A few Americans I encountered in Germany were surprised to see me walking through the exhibit halls of the massive http://ish.messefrankfurt.com/frankfurt/en/besucher/willkommen.html ISH trade show in Frankfurt. This year marked my fifth trip to the show, with my first visit in 1995 and my previous one in 2005.

However, 2013 marked my first year taking public transportation to and from the show. I always had been part of a tour group on a private bus during my earlier visits. This year I was informed my badge into ISH allowed me to take the Frankfurt trains for free. I found this to be a convenient benefit that U.S. trade shows should consider.

The only downside came when the snowstorm that hit Frankfurt on March 12 snarled the trains. I discovered that a free train pass isn’t worth much when the trains aren’t running on time. After waiting 20 minutes in the train station on the morning of March 13, I spent 30 euros ($39) for a taxi from my airport hotel to the show.

While I missed the opening of the show, I arrived in time for an afternoon appointment with http://www.duravit.us/ Duravit USA PresidentTim Schroeder. He identified three trends he had observed at ISH: more lighting, sound and furniture in the bathroom.

Duravit’s booth featured its new X-Large furniture collection, which is designed to be in a wet environment – the bathroom. European bathrooms usually occupy smaller spaces than their U.S. counterparts, but the name X-Large refers more to lifestyle than scale, Schroeder said. The modular collection features many choices, which gives flexibility to room designers and end-users.

The booth also displayed the new DuraStyle collection of plumbing products for residential and commercial applications, in markets such as hospitality and gaming. Duravit pursues a strategy of releasing new collections internationally rather than in Germany first and other countries later. This approach helps to insulate the company from the economic gyrations that affect nations at different times, Schroeder said.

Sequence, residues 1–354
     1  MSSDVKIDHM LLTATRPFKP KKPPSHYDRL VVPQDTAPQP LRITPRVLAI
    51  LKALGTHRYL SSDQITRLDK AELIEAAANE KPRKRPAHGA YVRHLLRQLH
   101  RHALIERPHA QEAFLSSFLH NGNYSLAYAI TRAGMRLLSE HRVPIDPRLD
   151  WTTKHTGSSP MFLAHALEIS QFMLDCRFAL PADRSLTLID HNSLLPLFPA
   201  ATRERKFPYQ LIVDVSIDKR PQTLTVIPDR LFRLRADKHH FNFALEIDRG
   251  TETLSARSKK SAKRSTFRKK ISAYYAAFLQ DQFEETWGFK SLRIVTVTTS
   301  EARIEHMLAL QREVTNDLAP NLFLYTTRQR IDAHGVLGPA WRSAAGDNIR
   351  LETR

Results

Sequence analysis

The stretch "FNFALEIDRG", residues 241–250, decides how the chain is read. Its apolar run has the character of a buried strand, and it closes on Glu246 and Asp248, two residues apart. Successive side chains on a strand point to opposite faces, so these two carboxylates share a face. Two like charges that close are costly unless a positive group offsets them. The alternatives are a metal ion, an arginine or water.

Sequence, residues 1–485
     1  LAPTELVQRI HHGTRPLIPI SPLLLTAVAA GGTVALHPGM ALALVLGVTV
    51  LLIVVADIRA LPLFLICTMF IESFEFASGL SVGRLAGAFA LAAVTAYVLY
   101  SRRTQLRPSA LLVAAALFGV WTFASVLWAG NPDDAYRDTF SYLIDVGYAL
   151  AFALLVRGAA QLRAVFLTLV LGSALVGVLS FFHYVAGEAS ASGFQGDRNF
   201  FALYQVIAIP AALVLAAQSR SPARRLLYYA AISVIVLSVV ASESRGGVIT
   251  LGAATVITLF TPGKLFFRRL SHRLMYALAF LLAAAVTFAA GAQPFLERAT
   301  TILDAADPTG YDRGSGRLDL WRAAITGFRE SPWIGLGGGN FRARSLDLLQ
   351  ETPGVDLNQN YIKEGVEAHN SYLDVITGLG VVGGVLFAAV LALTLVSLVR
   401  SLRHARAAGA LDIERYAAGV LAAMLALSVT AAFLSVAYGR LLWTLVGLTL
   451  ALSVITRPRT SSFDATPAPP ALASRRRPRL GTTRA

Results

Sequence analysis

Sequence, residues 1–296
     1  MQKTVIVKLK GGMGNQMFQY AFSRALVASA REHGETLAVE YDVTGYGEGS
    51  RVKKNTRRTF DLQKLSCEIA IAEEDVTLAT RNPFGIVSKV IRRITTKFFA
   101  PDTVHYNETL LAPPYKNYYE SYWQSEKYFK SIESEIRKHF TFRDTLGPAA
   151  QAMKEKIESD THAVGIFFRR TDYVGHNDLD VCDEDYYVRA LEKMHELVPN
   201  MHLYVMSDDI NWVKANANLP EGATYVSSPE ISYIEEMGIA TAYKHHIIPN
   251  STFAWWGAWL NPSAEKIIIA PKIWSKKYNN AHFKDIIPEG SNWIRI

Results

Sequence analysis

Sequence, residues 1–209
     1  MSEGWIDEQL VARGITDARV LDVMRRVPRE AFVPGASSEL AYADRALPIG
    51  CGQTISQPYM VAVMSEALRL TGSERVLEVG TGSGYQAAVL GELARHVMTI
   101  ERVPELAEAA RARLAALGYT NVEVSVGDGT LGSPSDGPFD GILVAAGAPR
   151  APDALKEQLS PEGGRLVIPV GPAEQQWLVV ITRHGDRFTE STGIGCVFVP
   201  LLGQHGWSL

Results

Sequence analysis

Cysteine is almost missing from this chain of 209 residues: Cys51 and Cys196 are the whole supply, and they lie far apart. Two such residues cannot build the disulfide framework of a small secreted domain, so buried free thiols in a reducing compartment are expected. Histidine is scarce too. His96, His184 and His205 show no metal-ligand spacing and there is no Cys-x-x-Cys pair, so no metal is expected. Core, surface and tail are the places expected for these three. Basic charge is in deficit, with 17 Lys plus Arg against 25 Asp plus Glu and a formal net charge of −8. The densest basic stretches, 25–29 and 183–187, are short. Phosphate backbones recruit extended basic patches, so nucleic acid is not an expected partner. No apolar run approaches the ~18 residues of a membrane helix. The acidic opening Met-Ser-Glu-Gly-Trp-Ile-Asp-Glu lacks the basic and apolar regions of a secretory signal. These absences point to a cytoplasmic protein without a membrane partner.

On the third day of the show (and my last), March 14, the trains were running on time again. I attended a late-morning press conference of http://www.viessmann.com Viessmann, another German company that markets its heating products internationally.

Dr. Martin Viessmann, whom I had met in 1995, opened the press conference with a report on his company’s 2012 financial performance. Last year showed positive developments in Germany, China, Russia and North America with overall company growth at 1.6%.

Although he said he was pleased to see an upward tick in difficult economic circumstances, he added, “We expected a higher growth rate.” In 2011, the company grew 8%.

Three circumstances prevented more positive results, he said. They were:

1.                  The growth markets of Eastern Europe experienced a trend toward low-priced products.

2.                  The solar thermal market saw a general decline.

3.                  The solar photovoltaic sector also shrunk.

“We have to observe these market developments and live with them,” Viessmann said.

His company’s investment in R&D remained unchanged last year, he emphasized, at 4% of sales revenue.

“We’re optimistic about the future based on innovation,” he said. “Product potential is something that we believe in.”

Those who wish to see the product innovations and trends at ISH will have to wait until 2015 when the trade show returns to Frankfurt. We’ll have more coverage of ISH 2013 in upcoming issues of PM, Supply House Times and pme


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